A new gripper mechanism can be used as an end effector for a long arm that reaches out from a nearby spacecraft for a touch-and-go type of mission. The gripper would stabilize the arm and allow samples to be collected and in situ science to be done from a fixed platform. In the long term, this style of gripper could even be used as handholds for astronauts trying to move about on/near small asteroids. The prototype developed has demonstrated a 120 N gripping force, and improvements continue to be made.

The Lemur IIb Robot hangs its weight off of a vesicular basalt rock using a prototype gripper.
The gripping mechanism is useful not only for low-gravity bodies, but for steep surfaces on Mars and the Moon. The clawed toes used in the gripping mechanism were originally developed for climbing rough surfaces like brick and tree bark, but have been expanded in this work to attach to natural rock surfaces. Using an opposed gripping mechanism provides the maximum stability for this type of system, where reliability is critical. In a similar application on Earth, these grippers allow the exploration of cliff faces, cave ceilings, glacial ice features, and underwater reefs and sea floor. This gripper can also be used as an under-actuated robotic hand for grasping, manipulating, and probing rocks on the surface of a planetary body.

The gripper uses several hundred microspine toes that each have an independent suspension system, allowing them to conform to a rock surface and find a suitable asperity to grip. Each microspine toe consists of a steel hook embedded in a rigid frame with a compliant suspension system. By arraying tens or hundreds of these microspine toes, large loads can be supported and shared among many attachment points. The hooks can attach to both convex and concave asperities like pits, protrusions, or even sloped rock faces.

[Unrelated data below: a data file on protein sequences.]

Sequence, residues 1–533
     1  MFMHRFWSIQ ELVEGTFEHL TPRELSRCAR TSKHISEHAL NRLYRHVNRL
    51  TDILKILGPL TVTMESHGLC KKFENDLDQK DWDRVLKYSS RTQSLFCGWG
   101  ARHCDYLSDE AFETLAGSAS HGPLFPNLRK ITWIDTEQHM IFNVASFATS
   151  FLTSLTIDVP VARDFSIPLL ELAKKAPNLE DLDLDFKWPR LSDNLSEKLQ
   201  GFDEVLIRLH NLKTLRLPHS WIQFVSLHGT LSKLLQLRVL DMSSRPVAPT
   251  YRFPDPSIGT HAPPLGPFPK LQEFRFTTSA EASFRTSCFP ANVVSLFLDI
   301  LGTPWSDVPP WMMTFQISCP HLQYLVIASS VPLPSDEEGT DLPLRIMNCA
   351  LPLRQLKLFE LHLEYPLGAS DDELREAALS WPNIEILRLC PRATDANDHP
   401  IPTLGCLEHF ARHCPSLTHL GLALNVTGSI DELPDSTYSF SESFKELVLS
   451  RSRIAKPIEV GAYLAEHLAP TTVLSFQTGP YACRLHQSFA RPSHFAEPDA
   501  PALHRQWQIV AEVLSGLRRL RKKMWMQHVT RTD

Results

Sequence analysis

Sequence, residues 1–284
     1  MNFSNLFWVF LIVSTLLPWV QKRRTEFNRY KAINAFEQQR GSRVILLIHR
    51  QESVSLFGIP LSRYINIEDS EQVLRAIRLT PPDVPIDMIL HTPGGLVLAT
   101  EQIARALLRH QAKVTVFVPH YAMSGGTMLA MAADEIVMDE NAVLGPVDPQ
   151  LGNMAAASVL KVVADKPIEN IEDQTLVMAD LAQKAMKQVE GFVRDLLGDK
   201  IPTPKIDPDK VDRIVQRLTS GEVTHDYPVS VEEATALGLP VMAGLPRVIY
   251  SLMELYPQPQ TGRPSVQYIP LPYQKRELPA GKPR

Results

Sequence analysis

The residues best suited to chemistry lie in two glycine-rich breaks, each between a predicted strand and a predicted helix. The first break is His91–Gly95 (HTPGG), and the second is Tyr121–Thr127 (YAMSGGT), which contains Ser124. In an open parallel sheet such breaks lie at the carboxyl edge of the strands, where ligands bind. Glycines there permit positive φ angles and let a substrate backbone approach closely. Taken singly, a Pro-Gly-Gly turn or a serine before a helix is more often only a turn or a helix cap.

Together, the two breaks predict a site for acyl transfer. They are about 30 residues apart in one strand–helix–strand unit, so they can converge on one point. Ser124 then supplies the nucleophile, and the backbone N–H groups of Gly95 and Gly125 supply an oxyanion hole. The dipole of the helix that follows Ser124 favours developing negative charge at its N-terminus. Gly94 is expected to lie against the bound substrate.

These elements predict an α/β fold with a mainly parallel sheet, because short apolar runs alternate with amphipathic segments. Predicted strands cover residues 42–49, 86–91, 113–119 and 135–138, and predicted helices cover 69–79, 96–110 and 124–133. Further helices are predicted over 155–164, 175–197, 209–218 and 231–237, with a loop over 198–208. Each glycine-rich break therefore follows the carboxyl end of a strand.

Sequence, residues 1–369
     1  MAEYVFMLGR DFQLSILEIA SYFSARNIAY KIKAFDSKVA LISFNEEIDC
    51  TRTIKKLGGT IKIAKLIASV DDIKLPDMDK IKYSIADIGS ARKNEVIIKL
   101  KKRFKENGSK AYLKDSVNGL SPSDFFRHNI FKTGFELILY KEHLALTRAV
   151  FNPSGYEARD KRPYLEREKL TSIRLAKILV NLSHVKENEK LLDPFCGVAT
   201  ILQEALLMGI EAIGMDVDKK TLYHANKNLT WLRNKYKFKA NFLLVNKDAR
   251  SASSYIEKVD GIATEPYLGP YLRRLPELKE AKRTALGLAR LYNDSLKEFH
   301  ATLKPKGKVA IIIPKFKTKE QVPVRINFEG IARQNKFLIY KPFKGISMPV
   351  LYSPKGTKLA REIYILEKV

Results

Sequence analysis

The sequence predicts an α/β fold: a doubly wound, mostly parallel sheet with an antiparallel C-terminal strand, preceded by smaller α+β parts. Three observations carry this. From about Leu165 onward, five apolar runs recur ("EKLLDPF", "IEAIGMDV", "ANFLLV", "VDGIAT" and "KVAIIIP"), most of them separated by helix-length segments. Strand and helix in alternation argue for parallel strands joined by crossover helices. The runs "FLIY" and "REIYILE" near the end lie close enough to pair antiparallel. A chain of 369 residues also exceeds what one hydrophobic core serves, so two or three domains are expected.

This design is scalable to loads as small as a few Newtons and as large as 1,000 N or more, as demonstrated by previous work in climbing configurations. To create an omni-directional anchor, eight rows of 30 toes each were attached to an octagonal center housing. Each row of toes is held in place by a leg that acts as a lever with the pivot point at the outer rim of the housing. Several lever dimensions were tried empirically to determine a good ratio of lengths. The center of the housing is hollow, providing an accessible location for mounting the anchor to the leg of a robot or placing a sampling tool like a coring drill.

Microspine technology is extended with the development of mechanisms that create internal forces at the foot-scale for arrays of microspine toes in opposed configurations. Locating internal forces at the foot-scale decouples the limbs, allowing each leg to attach/detach independently. This reduces the control demand on the robot and lowers cost and weight.

This work was done by Aaron Parness of Caltech for NASA’s Jet Propulsion Laboratory. For more information, contact This email address is being protected from spambots. You need JavaScript enabled to view it..

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